You are here:

Meteorology (Weather)/Philadelphia and Thunderstorms


Hello Donald,
I've lived in South Philadelphia for 23 years.  I do know the weather and how it works.  Something is puzzling to me.  Not always, but most of the time, Thunderstorms that approach the city of Philadelphia, especially South Philadelphia, seem to fall apart as they get right over the city.  I was under the impression that cities had a heat island effect that actually “created” thunderstorms?  If this were true, wouldn’t storms actually intensify as they meet the hotter air that is associated with urban/concrete areas?
In the last 23 years of living here, I can recall only two or three times that have formed thunderstorms directly overhead and then proceeded to move into New Jersey.  The hills west of the city do tend to produce much more activity.  I have also seen storms approach from the western suburbs of Philly, fall apart as they get over the city and then rebuild as they get east of the city.  It’s as though the city and the dry heat is dissipating the storms.   Is it me or is this observation correct?  Sorry for being long-winded.  Thank you.  Russell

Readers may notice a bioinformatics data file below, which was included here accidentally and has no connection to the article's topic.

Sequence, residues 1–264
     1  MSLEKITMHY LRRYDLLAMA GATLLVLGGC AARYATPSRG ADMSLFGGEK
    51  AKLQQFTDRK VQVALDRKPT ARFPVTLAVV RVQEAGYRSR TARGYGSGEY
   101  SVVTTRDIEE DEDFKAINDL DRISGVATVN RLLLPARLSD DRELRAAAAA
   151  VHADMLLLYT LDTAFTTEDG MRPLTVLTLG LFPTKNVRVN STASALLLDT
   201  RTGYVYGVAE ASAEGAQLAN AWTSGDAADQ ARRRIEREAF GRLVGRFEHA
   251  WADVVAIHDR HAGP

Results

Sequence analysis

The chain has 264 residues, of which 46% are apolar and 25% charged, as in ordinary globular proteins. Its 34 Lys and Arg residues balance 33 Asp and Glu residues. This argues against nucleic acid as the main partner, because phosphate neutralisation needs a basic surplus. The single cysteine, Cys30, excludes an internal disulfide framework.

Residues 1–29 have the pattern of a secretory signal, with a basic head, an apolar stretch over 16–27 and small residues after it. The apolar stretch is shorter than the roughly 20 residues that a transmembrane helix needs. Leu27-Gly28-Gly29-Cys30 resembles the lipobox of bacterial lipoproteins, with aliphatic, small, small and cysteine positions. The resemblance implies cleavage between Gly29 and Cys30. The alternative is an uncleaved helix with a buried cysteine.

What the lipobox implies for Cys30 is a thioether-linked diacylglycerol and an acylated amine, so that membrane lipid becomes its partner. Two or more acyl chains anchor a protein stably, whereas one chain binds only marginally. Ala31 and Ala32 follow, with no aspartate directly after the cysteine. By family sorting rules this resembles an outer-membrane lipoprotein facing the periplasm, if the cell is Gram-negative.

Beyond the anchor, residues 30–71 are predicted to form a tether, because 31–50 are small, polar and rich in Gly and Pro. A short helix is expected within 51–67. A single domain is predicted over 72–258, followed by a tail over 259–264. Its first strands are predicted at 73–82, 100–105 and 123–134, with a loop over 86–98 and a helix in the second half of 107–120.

Hi Russell

You're correct that "heat islands" can add to differential up-flow of air which help create/enhance thunderstorms.

In the situation of Philadelphia, the ocean is about 40 miles to the east and ocean sea-breezes typically act as a stabilizer to the atmosphere thus creating a diminishment to thunderstorms favorable environment.  

Meteorology (Weather)

All Answers

Answers by Expert:

Ask Experts


Donald Rosenfeld


Any questions (except private) answered from the 1st grade level on up pertaining to any aspect of Weather. I am a 20 year member of the American Meteorological society and a long time forecaster of eastern United States snow storms and Hurricanes.

©2016 All rights reserved.